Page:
Actually, later in the story we have a section of Altair’s life which leads to him having sex and us ending our connection with Altair, as we are connected through his genes

  17. A) can’t they just hack into altair’s memories as he’s making the thing
    B) That barred door in the basement looks like you could climb over it

  18. TM says:

    Being a student of Italian, this post was fun to read. I had also been certain the whole time you had gotten some Italian speaker to do this for you before I read that last line, so I have to say, Google Translate did a really, really good job.

    • Sam Crisp says:

      This has been the first piece of Italian writing I have read since I stopped studied Italian two years ago. Shamefully, I could only understand half of it. I could follow the grammar, conjugation and structure fine, but I had just forgotten what a lot of the words meant. And, of course, I was reading it at a snail’s pace. I was also impressed by the translation; it seemed pretty native to me. I wouldn’t have guessed it was a Google Translate job.

      This latest Spoiler Warning series has made me finally play that copy of Brotherhood I’ve had in shrink wrap for a while. I’m playing it in Italian language, but since its spoken so quickly, I have no hope in understanding more than a word here or there. I guess I’ve discovered how much Italian I’ve forgotten.

      Although I must say, I love how how you can hit Select at times in the game to learn more about the history of the particular structures and areas of Italy they have resembled in the game world. I wish that educational aspect of the game were more than just a cursory feature.

  19. StranaMente says:

    @Josh: After thinking about it for a while it dawned on me a good way to help you spell “Monte Riggioni”, it’s like “Ridge-oni” (like in ridge racer).
    As far as I know the italian spelling of “gi” doesn’t have a proper counter part, so you can spell it as “dge”

  20. Eddie says:


    Cependant, je suppose que la plupart du monde est monoglotte.

    • tengokujin says:


      한국말이라면 저도하죠. 근대 무슨 말할지…

      • Eddie says:


    • Zak McKracken says:

      Nu cred aşa. Cred că sunt mulţi oameni care vorbesc mai mult ca o limbă, dar nu sunt limbe care inţelegi tu.
      … I love this game :)
      And sorry if the above contains errors, I’m not as polyglot as I’d like to pretend to be.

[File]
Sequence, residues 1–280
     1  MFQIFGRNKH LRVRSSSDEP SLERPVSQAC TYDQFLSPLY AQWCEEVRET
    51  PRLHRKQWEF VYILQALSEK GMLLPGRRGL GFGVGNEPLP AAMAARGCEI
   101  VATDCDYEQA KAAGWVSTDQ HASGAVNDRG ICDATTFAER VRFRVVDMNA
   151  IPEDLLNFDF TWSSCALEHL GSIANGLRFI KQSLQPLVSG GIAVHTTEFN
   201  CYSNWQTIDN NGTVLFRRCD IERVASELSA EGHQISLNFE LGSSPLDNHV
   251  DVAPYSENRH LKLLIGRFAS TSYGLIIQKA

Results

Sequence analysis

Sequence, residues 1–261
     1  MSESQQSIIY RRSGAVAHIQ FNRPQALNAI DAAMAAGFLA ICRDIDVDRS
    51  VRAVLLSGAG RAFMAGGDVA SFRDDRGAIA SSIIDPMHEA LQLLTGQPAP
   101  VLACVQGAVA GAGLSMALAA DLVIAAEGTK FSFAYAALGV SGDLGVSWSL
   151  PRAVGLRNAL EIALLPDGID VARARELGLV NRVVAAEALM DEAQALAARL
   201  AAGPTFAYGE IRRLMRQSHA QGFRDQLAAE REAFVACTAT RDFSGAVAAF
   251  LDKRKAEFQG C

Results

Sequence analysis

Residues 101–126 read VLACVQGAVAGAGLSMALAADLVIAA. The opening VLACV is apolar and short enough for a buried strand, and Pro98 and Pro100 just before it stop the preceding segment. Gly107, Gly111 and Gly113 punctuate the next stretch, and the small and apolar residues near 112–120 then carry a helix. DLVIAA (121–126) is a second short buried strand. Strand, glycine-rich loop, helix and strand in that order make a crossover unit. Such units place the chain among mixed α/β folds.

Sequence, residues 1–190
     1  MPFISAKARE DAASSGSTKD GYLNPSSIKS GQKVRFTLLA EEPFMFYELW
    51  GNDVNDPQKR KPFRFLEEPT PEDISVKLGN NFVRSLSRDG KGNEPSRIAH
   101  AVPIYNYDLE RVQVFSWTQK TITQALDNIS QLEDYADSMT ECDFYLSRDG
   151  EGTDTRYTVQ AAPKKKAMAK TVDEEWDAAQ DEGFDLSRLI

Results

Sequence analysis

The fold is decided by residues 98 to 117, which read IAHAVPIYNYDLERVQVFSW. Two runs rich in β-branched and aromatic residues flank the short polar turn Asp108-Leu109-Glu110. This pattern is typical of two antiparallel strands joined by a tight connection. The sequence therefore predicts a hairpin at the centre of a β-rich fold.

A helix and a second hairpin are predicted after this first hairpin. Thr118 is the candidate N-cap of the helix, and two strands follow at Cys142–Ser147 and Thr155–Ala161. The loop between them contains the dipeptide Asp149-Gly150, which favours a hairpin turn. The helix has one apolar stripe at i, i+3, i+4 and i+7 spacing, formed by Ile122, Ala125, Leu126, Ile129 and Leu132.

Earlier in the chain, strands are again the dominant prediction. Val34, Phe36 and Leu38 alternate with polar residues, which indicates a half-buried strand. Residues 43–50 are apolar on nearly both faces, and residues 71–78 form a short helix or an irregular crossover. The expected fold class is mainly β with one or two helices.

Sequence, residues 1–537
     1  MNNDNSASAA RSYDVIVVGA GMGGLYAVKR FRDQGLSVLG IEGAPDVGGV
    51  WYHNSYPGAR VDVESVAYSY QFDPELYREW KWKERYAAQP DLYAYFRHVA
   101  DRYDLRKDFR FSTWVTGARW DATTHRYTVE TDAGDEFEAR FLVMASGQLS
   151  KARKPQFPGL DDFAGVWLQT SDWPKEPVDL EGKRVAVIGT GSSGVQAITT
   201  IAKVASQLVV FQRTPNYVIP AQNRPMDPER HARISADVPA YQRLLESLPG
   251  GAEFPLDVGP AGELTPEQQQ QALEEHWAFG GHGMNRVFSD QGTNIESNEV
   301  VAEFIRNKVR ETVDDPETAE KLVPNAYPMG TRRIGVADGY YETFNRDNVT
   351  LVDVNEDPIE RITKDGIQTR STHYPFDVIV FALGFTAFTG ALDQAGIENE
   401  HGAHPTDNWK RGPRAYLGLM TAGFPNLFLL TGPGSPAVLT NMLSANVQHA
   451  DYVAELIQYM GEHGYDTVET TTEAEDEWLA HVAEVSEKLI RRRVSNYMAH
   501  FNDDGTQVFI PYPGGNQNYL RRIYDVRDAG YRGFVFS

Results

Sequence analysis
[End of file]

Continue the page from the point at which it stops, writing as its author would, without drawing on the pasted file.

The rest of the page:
21. Dovius says:

    What I’ve never understood is how an Assassin can be relatively unknown, while at the same time playing real estate with an entire town, with nobody finding out.

  22. Vect says:

    Personally I would’ve found it hilarious to see them try to dub it in the Vaguely Italian-sounding Gibberish that’s all over the Mario & Luigi RPGs.


  23. Daemian Lucifer says:

    About the codex pages:
    Well how do you know that those chests in banks werent left there by some rich dudes with the exact same sentiment Mumbles had?They were holding them to sell to someone for big moneys.

    Also,how many priceless text and mummies were destroyed by people who just stumbled upon them and didnt know what those were?Yeah,not everyone thinks that those things are worth a lot.

  24. Daemian Lucifer says:

    About the bars and armour:
    Yeah,that one bugged me as well.I didnt mind animus,nor the pieces of eden,those were all consistent in the story,but this armour that was there for hundreds of years,behind just one set of bars,and is still better than anything you can make with more advanced tools,and the bars werent breached for all this time?That was really lame.If they used a forcefield and said something about it in the codex,like altair used a piece of eden to lock this artifact he crafted with the help of its power,but no,its just ordinary bars holding an ordinary(if well crafted)armour.

  25. some random dood says:

    So if the name is silly because you switch the L to an N, does that mean we now need to call Mumbles Kenny?

  26. CalDazar says:

    Yo no hablo español budín esponjoso caballa!

  27. Alex the Too Old says:

    My hovercraft is full of eels.

  28. Methermeneus says:

    τὶ οὗτις ἐν γλώσσᾳ Ἀγγχώρας οὐ λέγει; τὶ πᾶς ὁ λαὸς ἀλλόφωνον λέγει;

  29. Justin says:

    Forget about offending Italians, what do you have against Oklahoma? And why do you apparently think we have some bizarre regional accent? Most of the population actually has a midland accent, closer to Ohio or Indiana than Texas.

  30. Xpovos says:

    What other game, that I’m clearly supposed to know, but don’t, is Mumbles alluding to in this episode? And why does it make Shamus so upset?

  31. Hi there, all the time i used to check web site posts here in the early hours in the dawn,